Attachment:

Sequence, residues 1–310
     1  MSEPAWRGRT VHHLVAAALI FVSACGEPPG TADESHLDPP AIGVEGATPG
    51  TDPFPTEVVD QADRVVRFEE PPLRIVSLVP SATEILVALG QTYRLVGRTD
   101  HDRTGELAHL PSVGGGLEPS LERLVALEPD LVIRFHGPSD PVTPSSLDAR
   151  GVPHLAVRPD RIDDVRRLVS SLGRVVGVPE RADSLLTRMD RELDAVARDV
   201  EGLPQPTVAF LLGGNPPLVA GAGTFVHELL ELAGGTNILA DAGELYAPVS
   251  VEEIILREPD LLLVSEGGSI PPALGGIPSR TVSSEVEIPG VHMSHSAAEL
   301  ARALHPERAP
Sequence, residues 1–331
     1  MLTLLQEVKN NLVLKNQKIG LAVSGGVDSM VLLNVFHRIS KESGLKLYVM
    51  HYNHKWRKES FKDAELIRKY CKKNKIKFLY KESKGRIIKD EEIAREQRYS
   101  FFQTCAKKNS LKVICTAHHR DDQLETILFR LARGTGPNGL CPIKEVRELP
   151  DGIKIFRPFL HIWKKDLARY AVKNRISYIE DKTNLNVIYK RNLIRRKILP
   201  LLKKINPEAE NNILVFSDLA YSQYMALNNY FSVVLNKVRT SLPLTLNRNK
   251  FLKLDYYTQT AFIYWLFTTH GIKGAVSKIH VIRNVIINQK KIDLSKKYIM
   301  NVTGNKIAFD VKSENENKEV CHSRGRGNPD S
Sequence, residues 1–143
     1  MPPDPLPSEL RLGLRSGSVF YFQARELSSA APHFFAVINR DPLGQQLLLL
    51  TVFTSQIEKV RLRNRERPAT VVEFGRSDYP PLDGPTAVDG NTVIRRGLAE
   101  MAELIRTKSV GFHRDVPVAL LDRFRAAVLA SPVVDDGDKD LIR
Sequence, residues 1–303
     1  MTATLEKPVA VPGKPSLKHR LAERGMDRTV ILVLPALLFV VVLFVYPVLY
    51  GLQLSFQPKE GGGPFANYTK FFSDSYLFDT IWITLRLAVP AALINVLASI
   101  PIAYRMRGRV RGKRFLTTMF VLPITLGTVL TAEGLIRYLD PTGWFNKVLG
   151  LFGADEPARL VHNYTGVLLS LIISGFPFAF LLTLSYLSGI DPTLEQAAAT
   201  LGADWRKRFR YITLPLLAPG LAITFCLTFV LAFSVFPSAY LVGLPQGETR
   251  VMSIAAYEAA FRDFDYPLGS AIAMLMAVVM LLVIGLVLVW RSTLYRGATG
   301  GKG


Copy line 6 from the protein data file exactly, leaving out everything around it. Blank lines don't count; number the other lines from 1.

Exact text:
   201  EGLPQPTVAF LLGGNPPLVA GAGTFVHELL ELAGGTNILA DAGELYAPVS